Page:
Autophagy is the self-degradation of lysosome-dependent macromolecular proteins and organelles that provides raw materials and nutrition for cell repair, and realizes organelle renewal by scavenging senescent organelles and long-lived proteins.4 Apoptosis is a programmed method of gene regulation and biological autonomy in order to maintain a constant number of cells. At present, it has been confirmed that autophagy exists in the process of apoptosis, and there is a certain relationship between autophagy and apoptosis. The same stimulus can cause autophagy and apoptosis at different intensities. Podocytes, as terminal differentiated cells, have limited regenerative capacity. Under the stimulation of various stress factors in the process of DN, a large number of damaged proteins and organelles accumulate in podocytes, which will lead to podocyte loss and podocyte apoptosis. Studies have found that podocytes maintain the basic level of autophagy under normal conditions,5 while autophagy activity is significantly increased after podocytes are damaged.6 Therefore, there is a close relationship between autophagy and apoptosis in podocytes. Podocyte autophagy deficiency is an important trigger point of proteinuria, while maintaining a certain level of autophagy can reduce the occurrence of apoptosis.
Emodin is an anthraquinone derivative with a chemical name of 1,3,8-trihydroxy-6-methylanthraquinone, which is the main effective monomer of rhubarb in traditional Chinese medicine.7 Pharmacological studies have demonstrated that emodin has pharmacological effects such as anti-bacterial,8 anti-inflammation,9 anti-oxidation,10 immunosuppression,11 anti-renal fibrosis,12 anticancer,13 etc. Rhubarb, as a traditional Chinese medicine, has a extensive pharmacological effects, and rhubarb preparations have been widely used in clinical treatment of DN. Emodin, as the main active ingredient of rhubarb, has been reported to inhibit cell proliferation and fibronectin expression by inhibiting the p38 MAPK pathway in vivo and in vitro.14,15 Another study showed that emodin treated early DN by inhibiting high glucose-induced podocyte transdifferentiation, increasing nephrin protein expression and reducing proteinuria.16 But in general, there is not much research of the pharmacological mechanism of emodin on its protection in DN podocyte injury; similarly, it is unclear whether the underlying mechanism of emodin in the treatment of DN is associated with podocyte autophagy. Studies have reported that the pathogenesis of DN is related to nutritional sensitive pathways such as the mammalian target of rapamycin (mTOR) and AMP activated protein kinase (AMPK) signaling pathway.17 And autophagy can be promoted by AMPK, while it is inhibited by mTOR; AMPK promotes autophagy by directly activating Ulk1 through phosphorylation of Ser 317 and Ser 777, under nutrient sufficiency, while the high activity of mTOR prevents Ulk1 activation by phosphorylating Ulk1 Ser 757 and disrupting the interaction between Ulk1 and AMPK.18 It has been reported that emodin is an effective AMPK activator,19 and our previous studies have shown that emodin ameliorates cisplatin-induced apoptosis of rat renal tubular cells in vitro through modulating the AMPK/mTOR signaling pathways and activating autophagy.7 Whether emodin can effectively protect podocyte injury in DN, and whether it is related to the AMPK/mTOR-autophagy signaling pathway, is not clear.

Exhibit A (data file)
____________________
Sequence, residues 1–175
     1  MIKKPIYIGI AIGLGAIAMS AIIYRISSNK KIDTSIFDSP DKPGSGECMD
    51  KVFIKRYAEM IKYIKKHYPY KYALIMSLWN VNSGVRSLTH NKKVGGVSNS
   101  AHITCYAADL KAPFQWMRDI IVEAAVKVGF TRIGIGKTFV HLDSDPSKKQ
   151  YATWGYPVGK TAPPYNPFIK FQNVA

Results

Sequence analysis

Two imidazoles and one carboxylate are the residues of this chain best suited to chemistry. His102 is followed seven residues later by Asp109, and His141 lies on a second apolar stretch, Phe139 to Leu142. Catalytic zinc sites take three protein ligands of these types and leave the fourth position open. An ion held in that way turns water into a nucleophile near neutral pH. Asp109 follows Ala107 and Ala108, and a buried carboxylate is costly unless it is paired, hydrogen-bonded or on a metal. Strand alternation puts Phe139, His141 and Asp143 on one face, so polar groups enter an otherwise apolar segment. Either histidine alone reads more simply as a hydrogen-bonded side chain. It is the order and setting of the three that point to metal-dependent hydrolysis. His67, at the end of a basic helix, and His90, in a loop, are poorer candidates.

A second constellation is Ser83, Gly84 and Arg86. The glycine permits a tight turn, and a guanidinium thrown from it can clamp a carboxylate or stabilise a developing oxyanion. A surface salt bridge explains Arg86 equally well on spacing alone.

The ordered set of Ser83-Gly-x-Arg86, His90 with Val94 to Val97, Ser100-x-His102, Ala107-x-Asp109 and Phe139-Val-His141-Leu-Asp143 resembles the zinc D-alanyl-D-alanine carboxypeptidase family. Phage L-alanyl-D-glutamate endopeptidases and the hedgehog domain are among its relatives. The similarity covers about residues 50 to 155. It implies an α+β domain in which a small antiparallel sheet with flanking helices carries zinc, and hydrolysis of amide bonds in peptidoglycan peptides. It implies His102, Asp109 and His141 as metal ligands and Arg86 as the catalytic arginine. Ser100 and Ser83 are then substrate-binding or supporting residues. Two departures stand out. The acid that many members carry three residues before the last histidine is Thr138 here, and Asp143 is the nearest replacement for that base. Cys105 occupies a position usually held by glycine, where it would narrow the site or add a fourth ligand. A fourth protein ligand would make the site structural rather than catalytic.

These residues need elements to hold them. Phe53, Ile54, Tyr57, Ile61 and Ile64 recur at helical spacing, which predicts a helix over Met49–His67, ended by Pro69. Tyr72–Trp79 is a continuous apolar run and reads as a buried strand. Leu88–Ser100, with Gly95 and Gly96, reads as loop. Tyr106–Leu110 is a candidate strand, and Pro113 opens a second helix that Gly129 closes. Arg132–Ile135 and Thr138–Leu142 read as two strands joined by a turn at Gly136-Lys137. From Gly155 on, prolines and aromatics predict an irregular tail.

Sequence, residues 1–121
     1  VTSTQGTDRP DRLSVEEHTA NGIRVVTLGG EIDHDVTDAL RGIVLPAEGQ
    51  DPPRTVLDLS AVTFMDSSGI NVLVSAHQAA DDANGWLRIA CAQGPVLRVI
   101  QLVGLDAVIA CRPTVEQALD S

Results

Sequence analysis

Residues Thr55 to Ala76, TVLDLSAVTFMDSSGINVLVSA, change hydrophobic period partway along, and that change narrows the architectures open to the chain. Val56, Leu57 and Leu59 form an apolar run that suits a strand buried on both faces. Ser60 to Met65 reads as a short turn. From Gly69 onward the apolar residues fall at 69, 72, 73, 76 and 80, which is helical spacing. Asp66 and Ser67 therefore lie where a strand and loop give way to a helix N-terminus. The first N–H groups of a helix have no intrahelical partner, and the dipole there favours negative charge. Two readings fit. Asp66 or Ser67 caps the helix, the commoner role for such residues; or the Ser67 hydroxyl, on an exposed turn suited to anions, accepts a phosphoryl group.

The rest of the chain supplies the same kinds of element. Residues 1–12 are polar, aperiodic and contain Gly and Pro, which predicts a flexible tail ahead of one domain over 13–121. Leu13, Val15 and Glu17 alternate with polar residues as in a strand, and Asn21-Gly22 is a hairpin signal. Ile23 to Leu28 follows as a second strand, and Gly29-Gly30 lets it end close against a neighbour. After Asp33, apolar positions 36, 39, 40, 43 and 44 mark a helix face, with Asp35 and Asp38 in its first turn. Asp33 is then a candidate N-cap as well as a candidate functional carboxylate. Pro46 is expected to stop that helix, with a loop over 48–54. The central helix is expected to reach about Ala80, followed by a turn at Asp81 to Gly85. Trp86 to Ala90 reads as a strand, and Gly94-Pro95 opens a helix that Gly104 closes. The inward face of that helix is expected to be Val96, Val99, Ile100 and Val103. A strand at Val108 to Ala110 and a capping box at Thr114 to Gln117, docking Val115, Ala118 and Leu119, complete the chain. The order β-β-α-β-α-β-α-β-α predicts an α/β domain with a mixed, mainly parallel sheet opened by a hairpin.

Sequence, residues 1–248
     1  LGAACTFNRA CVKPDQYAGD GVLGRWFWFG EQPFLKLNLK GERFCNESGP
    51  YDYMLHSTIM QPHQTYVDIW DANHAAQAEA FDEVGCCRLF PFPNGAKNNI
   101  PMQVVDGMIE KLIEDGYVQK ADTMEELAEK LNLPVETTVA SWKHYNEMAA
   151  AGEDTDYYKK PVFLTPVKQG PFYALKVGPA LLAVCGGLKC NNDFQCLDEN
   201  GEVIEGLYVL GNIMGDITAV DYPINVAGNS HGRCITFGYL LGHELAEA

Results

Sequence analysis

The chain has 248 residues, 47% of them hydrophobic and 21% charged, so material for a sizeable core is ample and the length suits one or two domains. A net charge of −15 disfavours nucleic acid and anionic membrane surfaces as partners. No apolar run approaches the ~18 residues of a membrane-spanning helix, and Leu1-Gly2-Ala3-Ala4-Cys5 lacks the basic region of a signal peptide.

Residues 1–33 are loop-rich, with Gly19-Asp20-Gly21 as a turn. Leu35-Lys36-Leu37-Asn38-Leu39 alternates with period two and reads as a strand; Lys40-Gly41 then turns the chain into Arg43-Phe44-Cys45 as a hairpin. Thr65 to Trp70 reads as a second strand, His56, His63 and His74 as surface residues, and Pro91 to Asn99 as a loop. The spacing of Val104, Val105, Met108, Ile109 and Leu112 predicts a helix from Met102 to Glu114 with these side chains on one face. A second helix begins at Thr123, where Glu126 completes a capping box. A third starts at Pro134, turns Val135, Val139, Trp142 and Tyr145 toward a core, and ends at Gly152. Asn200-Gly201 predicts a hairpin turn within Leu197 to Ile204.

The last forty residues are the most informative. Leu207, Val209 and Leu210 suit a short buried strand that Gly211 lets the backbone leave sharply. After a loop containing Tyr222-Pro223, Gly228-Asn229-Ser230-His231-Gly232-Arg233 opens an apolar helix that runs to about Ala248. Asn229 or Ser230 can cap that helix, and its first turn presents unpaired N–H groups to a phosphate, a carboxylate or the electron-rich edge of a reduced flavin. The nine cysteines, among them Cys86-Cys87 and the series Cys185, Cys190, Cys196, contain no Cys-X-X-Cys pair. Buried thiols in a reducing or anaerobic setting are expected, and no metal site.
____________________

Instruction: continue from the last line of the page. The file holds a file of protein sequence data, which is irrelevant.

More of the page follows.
Hence, in this study, we established a rat model of DN by unilateral nephrectomy combined with intraperitoneal injection of streptozotocin (STZ). We tried to elucidate the mechanism of emodin in improving renal tissue and podocyte injury in DN by regulating the AMPK/mTOR-autophagy signaling pathway. It provides a new target for emodin in the treatment of DN, and also provides a novel and effective therapeutic method for DN patients.
Materials and Methods
Reagents, Drug and Animals
Emodin (MB5674, HPLC ≥98%) was purchased from Dalian Meilun Biotechnology Co., Ltd (Dalian, China). Emodin was dissolved in 0.5% sodium carboxymethyl cellulose and prepared into emodin suspension (10 mg/mL). Streptozotocin (STZ, CAS#: 18883-66-4) was purchased from Aladdin Reagent Co., Ltd (Shanghai, China). Apoptosis was detected by terminal deoxynucleotidyl transferase (TdT)-mediated deoxyuridine triphosphate (dUTP)-biotin nick end labeling (TUNEL) assay with a detection kit (Cat. No. 11684817910; Roche, Switzerland). Blood glucose meter and blood glucose test paper were purchased from 3Nod Electronics Co., Ltd (Shenzhen, China).